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Samuel Pepys 169

happens, this class had, in the late seventeenth century, a
figure almost as representative as Bunyan. Samuel Pepys
was a busy man of affairs, a clerk of the Navy Board, and
secretary of the Admiralty under James II. Between 1660
and 1669 he kept a diary in cipher, which he left with his
library to Magdalen College,* Cambridge. It was deciphered
and published in the nineteenth century, and was recognized
at once as a personal document of great interest.

Pepys's diary is scarcely to be called literature. It is a
transcript of the observations, doings, thoughts, and feelings
of a commonplace burgher, all set down with the greatest
fidelity. If Pepys goes on a picnic he mentions the time of
starting, the dishes of the luncheon, the substance of the
conversation by the way, the company he met, the sheep
which he saw ("the most pleasant and innocent sight that
ever I saw in my hfe"), the shepherd whose little boy was
reading the Bible to him, the flowers, the glow-worms which
came out in the evening, and the slight accident by which he
sprained his foot. In its detail the diary reflects the pa-
tient, industrious habits by which business and science were
to thrive in the next century — for Pepys was a scientist and
President of the Royal Society. In its uniformity of tone,
its lack of emphasis and dramatic interest, it illustrates
again the sober modernity which the citizen's life was be-
ginning to assume. In its worldliness, its reflection of per-
fectly unashamed delight in mere comfort, well-being, and
success, it shows the bourgeois ideal of Ufe. And finally, the
pleasure in his own life, which sustained the author in the
mechanical toil of recording its happenings, is to be connected
with the interest in human life in general, which was the force
behind the development of realistic fiction in the following

The Restoration Drama. — One result of the Restoration
was to re-open the theatres of London, which had been closed
since 1642. Though the great generation of dramatists had
come to an end, the drama had retained its hold on the masses.
Dryden found the production of plays the most lucrative
of hterary employments, and he wrote many, both comedies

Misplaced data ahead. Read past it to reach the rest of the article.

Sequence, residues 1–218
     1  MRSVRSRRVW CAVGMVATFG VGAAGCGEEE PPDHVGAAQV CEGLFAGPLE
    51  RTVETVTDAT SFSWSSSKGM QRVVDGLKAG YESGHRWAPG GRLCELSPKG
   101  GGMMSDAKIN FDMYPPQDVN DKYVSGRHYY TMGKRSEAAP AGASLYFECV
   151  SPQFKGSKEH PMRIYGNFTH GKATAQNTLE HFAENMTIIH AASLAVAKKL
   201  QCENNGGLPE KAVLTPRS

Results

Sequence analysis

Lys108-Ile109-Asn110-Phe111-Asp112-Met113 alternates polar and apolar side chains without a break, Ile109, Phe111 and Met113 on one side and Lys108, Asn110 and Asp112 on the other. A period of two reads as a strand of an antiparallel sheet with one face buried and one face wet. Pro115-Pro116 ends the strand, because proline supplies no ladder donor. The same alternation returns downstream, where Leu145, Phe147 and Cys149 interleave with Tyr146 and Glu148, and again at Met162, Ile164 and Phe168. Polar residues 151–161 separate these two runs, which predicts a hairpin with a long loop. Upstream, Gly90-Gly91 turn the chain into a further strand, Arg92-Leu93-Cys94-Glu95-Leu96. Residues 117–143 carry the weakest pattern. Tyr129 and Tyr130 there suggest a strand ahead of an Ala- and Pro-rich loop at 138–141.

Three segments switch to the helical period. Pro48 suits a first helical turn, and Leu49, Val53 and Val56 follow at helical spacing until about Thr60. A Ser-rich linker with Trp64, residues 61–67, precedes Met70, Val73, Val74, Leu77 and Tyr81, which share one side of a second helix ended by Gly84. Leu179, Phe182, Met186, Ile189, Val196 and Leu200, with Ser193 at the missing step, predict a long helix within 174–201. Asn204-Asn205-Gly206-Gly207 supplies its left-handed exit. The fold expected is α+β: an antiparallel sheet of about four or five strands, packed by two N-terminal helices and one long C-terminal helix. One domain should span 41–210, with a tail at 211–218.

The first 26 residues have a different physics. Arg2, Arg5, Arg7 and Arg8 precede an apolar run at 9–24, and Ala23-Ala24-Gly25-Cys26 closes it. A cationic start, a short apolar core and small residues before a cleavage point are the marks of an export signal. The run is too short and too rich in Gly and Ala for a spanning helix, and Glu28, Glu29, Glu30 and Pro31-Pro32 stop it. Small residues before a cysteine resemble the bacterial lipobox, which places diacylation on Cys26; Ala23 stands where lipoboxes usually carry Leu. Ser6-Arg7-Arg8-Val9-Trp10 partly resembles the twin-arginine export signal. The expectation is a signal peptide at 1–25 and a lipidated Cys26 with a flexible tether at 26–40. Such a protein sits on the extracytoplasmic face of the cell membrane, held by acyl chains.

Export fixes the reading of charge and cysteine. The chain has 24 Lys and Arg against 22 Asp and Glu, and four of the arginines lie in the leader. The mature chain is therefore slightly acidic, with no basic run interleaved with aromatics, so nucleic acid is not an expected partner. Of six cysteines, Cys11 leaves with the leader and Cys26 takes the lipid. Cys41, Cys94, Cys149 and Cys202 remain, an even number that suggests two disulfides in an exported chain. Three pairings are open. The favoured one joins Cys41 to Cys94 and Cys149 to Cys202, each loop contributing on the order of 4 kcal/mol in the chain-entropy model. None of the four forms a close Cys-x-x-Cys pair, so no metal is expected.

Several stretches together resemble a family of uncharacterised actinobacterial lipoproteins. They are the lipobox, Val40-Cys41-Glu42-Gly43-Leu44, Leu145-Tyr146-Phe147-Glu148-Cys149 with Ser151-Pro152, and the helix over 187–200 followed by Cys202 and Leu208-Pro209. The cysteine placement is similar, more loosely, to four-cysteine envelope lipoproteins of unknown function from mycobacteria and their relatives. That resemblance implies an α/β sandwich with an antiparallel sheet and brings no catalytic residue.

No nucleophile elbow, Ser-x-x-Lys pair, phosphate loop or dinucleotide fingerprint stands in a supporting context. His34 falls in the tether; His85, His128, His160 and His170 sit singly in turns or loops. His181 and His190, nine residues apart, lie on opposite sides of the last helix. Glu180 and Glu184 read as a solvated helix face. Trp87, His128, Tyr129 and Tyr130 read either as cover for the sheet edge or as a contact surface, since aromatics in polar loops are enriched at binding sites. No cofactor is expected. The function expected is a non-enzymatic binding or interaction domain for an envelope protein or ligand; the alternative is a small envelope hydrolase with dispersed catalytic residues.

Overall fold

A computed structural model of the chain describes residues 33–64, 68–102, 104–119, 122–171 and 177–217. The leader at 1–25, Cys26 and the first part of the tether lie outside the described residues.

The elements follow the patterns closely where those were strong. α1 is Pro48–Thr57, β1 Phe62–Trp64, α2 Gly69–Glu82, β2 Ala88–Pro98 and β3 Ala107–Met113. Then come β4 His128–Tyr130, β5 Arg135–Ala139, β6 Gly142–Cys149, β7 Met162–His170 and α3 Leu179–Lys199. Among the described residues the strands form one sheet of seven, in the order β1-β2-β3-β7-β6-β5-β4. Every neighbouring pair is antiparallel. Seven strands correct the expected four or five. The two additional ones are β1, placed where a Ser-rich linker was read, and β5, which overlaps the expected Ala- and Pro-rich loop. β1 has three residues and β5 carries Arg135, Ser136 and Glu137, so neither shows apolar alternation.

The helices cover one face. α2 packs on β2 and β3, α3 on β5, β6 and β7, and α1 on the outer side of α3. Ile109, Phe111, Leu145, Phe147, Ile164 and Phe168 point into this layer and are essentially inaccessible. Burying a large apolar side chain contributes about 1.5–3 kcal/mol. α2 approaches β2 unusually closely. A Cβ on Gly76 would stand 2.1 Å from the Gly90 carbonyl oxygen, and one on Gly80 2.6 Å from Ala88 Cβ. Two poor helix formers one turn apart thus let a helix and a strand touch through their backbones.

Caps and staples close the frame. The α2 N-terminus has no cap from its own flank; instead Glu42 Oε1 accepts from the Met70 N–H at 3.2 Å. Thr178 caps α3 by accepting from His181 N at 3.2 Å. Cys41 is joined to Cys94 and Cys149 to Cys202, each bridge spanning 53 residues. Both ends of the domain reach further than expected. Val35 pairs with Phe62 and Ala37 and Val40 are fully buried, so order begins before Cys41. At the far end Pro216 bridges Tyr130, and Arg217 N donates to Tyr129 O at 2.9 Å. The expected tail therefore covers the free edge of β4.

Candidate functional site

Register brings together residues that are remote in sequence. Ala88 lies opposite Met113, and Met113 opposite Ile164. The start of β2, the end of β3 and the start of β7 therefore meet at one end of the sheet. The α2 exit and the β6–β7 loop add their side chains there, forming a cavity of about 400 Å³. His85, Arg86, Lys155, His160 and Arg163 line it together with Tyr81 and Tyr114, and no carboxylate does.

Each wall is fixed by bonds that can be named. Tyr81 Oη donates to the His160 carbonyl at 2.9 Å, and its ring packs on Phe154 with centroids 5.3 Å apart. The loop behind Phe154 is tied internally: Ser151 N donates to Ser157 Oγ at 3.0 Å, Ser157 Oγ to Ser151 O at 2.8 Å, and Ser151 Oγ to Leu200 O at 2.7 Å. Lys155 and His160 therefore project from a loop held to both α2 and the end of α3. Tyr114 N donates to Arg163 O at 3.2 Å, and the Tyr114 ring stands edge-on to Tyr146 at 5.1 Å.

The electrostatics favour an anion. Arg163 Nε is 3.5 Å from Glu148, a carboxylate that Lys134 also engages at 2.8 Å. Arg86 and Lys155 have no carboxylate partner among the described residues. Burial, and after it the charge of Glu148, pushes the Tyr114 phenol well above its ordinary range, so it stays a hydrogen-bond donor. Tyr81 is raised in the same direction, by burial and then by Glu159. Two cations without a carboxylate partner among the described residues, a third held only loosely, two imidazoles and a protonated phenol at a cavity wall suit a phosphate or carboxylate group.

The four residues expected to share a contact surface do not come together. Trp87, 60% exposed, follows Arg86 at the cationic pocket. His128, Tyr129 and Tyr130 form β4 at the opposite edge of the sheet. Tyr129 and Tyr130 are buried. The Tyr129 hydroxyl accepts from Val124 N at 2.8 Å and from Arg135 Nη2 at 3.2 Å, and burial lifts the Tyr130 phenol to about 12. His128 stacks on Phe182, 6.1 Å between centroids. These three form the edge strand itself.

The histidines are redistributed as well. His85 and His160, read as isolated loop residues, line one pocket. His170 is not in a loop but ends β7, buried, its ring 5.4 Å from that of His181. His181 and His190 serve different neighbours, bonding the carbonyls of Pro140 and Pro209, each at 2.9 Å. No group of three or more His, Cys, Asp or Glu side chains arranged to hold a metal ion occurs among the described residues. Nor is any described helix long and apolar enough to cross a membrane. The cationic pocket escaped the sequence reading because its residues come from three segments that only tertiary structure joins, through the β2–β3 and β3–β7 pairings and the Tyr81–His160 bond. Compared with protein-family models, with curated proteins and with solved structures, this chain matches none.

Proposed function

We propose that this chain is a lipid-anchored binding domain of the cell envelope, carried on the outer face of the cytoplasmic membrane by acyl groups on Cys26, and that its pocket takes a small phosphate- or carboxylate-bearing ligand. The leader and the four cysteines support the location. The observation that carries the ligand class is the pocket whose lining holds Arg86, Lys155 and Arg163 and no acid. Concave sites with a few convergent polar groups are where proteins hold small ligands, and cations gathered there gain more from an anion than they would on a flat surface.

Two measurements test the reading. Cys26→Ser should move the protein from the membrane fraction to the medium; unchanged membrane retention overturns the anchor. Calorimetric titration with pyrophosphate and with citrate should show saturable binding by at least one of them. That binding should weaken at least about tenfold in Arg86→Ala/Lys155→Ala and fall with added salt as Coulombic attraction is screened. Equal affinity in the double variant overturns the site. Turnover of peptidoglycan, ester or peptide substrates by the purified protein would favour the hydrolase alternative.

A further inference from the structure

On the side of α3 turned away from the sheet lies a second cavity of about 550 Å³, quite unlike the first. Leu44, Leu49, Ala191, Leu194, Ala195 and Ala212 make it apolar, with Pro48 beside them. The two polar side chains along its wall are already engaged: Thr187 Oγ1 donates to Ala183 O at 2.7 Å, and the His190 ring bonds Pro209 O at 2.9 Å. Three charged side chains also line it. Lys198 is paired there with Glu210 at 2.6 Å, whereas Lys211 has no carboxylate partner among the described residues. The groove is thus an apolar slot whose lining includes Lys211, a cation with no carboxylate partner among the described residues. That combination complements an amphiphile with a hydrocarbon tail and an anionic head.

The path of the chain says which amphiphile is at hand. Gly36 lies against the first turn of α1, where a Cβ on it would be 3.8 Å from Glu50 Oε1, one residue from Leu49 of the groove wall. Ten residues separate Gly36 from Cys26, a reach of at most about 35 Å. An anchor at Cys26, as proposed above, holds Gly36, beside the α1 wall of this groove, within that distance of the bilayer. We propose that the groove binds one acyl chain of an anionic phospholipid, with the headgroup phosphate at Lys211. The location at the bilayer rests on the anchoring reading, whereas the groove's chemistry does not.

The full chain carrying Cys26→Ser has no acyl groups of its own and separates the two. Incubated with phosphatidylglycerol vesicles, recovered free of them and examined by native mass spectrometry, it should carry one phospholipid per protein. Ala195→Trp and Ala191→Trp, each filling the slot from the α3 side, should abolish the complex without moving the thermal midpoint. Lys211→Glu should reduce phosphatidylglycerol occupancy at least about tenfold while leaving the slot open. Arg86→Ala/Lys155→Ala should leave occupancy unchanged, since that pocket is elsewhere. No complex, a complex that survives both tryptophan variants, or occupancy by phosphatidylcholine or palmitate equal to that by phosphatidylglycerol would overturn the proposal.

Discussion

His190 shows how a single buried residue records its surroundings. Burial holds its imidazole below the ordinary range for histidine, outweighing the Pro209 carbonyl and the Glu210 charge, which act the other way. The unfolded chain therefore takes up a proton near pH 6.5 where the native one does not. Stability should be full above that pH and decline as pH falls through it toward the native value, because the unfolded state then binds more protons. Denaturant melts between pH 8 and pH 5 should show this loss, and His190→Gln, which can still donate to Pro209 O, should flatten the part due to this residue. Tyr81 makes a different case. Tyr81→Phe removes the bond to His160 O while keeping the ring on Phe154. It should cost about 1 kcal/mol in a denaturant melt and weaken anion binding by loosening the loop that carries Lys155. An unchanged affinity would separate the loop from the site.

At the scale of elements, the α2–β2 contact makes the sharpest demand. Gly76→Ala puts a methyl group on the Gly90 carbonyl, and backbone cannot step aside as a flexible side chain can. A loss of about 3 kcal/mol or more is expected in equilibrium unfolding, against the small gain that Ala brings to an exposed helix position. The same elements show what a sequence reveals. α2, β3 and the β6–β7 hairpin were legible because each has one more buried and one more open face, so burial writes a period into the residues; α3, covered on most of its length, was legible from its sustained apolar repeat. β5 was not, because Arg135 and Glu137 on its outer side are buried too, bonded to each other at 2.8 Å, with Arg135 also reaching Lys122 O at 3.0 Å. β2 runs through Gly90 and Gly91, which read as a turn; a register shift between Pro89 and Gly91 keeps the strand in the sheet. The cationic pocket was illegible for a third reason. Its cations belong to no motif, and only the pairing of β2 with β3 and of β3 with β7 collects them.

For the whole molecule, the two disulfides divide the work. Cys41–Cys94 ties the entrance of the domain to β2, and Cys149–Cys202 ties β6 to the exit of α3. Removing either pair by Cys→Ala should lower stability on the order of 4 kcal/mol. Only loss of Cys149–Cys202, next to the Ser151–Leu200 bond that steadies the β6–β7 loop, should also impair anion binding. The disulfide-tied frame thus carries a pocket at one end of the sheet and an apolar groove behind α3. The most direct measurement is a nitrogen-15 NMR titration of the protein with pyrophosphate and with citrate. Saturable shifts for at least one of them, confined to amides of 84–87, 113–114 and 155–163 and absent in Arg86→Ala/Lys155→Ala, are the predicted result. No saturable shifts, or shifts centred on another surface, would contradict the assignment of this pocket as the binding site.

and tragedies, in prose, blank verse, and rhyme. His most

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170 The Restoration

characteristic dramatic works are his "heroic plays" in
rh)mie, the use of which he defended on the ground that **it
bounds and circumscribes the fancy. For imagination in a
poet is a faculty so wild and lawless that it is hke an high
ranging spaniel, it must have clogs tied to it lest it outrun the
judgment." Dryden's two dramatic masterpieces, however,
All for Lave and Don Sebastian are in blank verse.

In the main, the tragedy of the period interests us only as a
survival. The Restoration comedy, however, is a genuine
reflection of the temper, if not of the actual Hfe, of the upper
classes of the nation. As practised by Shakespeare, English
comedy had been romantic in spirit. However seriously it
concerned itself with the essentials of human nature, it Jiad
comparatively little to do with the circumstances of actual
human life. In Ben Jonson we find more reahstic treatment
of the setting, the social surroundings, of the play. Following
his lead, the comedians of the Restoration, of whom William
Wychcrley and WiUiam Congreve are the chief, devoted them-
selves to picturing the external details of life, the fashions of
the time, its manners, its speech, its interests. For scene they
turned to the most interesting places they knew, the drawing-
rooms, the coffee-houses, the streets and gardens of London.
Their characters were chiefly people of fashion, and their plots,
for the most part, were love intrigues, — both often enough
uninteresting and improbable. For these deficiencies, how-
ever, the dramatist made up in part by the briUiancy of his
dialogue. In tendency these plays are, almost without ex-
ception, immoral; they represent the reaction of the play-